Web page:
Those are very technical issues over which we have laboured to the point that our eyes have sometimes glazed over. However, they are important to improve process, procedure and facilitating administration post the transfer of justice powers.
Clause 11 provides powers for fair employment tribunals in relation to matters within the jurisdiction of industrial tribunals. As June Ingram mentioned briefly in her introductory remarks, clause 11 is very much an effectiveness measure in access to justice.
Alongside the fair employment aspect of the complaint, the fair employment tribunal currently has the power to hear additional aspects of that claim that relate to other forms of alleged unlawful discrimination where there is a claim of unfair dismissal. Any other aspect of the complaint, such as a claim for unpaid wages or breach of contract must be heard and determined by a separate industrial tribunal. Because all aspects of the claim arise from the same set of facts, it was clear from the consultation that that was seen as an unnecessary duplication and an inefficient way of moving forward.
We consulted with the president of the industrial tribunals and the fair employment tribunal, who was encouraged that such an approach would improve the service to the respondents, the employers and claimants — the employees. Therefore, the aim is to amend the existing legislation to remove that anomaly so that the fair employment tribunal and all industrial tribunal aspects of a case can be heard in a single tribunal setting. In reality, many cases in Northern Ireland are not simple; they cover a significant number of jurisdictions.
Is any of this in response to a report stating that the majority of people who put in a claim give up because the process is so elongated, complex and costly that many never get justice?
It was not in response to any particular report or comment from organisations. The Bill is a recognition that, from an employer and an employee’s perspective, the legal system is quite complex. However, in no legal setting other than employment would the same case and set of facts go to two separate tribunals. “No-brainer” is a horrible phrase, but one that jumped out all the time.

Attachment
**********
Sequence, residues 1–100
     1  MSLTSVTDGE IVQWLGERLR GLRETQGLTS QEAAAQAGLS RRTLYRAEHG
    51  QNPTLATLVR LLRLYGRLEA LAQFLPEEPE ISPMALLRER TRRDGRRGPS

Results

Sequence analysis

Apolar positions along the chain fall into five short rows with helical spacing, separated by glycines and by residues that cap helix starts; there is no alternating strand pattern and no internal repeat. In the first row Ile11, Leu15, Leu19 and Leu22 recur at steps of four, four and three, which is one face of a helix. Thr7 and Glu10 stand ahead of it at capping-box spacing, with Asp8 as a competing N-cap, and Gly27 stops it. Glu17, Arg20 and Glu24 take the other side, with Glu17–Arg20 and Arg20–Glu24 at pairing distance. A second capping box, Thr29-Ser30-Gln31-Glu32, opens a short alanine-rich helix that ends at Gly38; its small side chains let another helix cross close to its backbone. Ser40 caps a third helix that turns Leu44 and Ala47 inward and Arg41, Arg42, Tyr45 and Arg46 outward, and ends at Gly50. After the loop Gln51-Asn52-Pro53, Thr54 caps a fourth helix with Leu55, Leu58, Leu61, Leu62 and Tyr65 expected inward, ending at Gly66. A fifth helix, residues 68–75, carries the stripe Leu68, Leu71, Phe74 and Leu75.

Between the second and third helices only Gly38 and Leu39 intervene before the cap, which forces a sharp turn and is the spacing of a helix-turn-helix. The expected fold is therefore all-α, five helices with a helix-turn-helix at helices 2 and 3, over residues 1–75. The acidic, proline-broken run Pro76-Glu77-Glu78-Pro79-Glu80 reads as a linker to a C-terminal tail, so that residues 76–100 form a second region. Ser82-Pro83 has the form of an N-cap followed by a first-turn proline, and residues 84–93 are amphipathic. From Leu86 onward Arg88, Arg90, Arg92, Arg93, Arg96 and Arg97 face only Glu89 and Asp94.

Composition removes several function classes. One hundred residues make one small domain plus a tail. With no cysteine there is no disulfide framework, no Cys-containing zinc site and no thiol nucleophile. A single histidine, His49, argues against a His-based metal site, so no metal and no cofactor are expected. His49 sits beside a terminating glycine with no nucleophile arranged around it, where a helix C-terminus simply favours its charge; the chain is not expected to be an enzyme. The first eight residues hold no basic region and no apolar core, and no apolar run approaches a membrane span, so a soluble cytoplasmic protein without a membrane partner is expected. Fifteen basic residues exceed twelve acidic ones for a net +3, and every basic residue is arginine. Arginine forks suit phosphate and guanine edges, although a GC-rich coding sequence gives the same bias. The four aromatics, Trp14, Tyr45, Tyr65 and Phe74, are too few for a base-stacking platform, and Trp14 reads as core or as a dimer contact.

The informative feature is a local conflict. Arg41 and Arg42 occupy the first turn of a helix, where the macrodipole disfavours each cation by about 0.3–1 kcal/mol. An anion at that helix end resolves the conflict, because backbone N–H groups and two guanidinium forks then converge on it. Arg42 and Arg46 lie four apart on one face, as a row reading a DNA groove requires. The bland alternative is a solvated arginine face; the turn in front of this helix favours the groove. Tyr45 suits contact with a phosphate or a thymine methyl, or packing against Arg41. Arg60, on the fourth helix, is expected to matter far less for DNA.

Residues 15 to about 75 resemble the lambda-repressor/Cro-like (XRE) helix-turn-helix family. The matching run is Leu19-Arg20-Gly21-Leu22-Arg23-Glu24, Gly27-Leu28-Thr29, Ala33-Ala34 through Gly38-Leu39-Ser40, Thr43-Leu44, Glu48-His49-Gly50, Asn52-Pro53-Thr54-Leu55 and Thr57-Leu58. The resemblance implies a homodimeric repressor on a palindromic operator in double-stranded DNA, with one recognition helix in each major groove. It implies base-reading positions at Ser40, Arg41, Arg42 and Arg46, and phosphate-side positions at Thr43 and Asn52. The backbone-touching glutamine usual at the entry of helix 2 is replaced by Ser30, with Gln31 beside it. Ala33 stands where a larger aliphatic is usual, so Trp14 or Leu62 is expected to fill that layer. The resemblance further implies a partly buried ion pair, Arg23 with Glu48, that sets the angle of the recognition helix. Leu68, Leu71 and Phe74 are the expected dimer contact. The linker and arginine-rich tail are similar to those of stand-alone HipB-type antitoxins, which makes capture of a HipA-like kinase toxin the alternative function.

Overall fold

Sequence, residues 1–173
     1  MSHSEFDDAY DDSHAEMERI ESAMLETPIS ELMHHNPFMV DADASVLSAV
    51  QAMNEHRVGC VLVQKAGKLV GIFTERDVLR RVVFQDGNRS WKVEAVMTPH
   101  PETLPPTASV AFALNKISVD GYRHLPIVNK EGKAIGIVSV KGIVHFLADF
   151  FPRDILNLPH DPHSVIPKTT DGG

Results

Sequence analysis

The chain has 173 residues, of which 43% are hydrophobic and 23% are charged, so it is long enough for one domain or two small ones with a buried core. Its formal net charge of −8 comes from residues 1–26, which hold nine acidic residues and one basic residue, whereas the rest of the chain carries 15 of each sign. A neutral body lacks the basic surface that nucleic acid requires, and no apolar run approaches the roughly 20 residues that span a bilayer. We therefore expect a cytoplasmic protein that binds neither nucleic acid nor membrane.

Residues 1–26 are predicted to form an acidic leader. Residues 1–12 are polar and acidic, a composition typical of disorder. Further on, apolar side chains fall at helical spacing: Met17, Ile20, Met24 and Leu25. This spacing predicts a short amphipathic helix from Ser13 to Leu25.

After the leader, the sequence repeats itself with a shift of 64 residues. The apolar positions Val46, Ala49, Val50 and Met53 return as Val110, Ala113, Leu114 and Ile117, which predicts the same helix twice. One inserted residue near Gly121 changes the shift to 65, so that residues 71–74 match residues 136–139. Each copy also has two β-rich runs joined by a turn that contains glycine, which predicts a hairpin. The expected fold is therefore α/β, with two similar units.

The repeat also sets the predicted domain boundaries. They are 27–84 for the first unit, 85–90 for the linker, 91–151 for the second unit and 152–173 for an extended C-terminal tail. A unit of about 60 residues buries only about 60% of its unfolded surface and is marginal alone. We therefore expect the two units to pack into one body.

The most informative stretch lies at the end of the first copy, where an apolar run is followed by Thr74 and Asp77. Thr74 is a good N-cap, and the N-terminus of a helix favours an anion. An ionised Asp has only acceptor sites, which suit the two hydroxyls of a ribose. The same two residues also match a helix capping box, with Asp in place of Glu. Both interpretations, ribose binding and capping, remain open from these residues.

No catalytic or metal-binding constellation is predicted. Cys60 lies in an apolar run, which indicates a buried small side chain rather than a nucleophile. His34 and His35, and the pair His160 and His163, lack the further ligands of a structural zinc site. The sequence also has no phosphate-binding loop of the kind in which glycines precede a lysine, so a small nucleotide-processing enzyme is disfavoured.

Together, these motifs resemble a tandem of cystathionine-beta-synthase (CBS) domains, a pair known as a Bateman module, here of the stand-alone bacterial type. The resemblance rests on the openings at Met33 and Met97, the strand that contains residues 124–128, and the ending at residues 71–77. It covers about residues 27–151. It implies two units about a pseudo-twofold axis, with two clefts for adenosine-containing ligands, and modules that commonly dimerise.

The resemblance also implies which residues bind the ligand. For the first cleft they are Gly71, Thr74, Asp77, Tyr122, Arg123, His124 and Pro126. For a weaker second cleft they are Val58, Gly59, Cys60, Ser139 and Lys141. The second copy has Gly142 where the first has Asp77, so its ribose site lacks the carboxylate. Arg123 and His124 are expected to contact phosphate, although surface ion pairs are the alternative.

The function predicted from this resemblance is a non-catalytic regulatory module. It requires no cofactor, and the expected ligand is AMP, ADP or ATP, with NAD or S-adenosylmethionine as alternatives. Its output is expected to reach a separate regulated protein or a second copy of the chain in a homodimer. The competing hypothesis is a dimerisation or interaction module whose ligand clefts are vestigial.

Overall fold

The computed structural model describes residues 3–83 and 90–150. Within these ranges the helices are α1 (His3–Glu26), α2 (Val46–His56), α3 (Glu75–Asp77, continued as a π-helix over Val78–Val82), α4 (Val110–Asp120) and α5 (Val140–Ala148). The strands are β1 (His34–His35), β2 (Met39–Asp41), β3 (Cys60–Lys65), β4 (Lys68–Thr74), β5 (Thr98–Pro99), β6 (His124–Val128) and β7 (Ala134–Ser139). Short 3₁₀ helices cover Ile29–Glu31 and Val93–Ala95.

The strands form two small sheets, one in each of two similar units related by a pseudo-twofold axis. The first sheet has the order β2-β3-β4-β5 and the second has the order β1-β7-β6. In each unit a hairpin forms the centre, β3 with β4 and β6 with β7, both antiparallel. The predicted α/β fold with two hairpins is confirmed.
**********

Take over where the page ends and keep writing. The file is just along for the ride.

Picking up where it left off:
Who introduced it to begin with?
If it is such a no-brainer, how did it get to be there in the first place?
Ms S Ramsey:
The Hansard report may state that there was a pause there. [Laughter.] I think that I have covered that subject enough.
That takes us to clause 15, which relates to schedule 3 and deals with the bulk of the Bill’s provisions for dealing with the dispute resolution review. In the debate at Second Stage, we drew the attention of the House and the Committee to the Department’s desire to introduce the right to request time off for training. Clause 15 would amend schedule 3 to enable that.
The provisions would allow for the subsequent introduction of a new right for a qualifying employee — somebody with 26 weeks continuous service with their employer — to formally request that their employer give them time away from core duties to undertake study or training. Such an application would have to be for study or training that is intended to improve an employee’s effectiveness at work and the effectiveness of the employer’s business.
Under the Bill, employers would be obliged to give serious consideration to such a request and could turn it down only on the basis of one of a specified list of business reasons. That list is comparable to the one that is already provided for in respect of requests for flexible working. The permissible grounds for refusal are listed in schedule 3 of the Employment Rights (Northern Ireland) Order 1996. The provision to request study or training leave is based on those very successful flexible working arrangements.
In his address at Second Stage, the Minister gave a commitment that the right would not be introduced until it has been determined that the economic conditions are favourable for such an introduction. The provisions are on the statute book in GB, but, as you mentioned, Chairperson, they are looking at opportunities for deregulation, as are we. We will watch with interest what happens in the rest of the UK.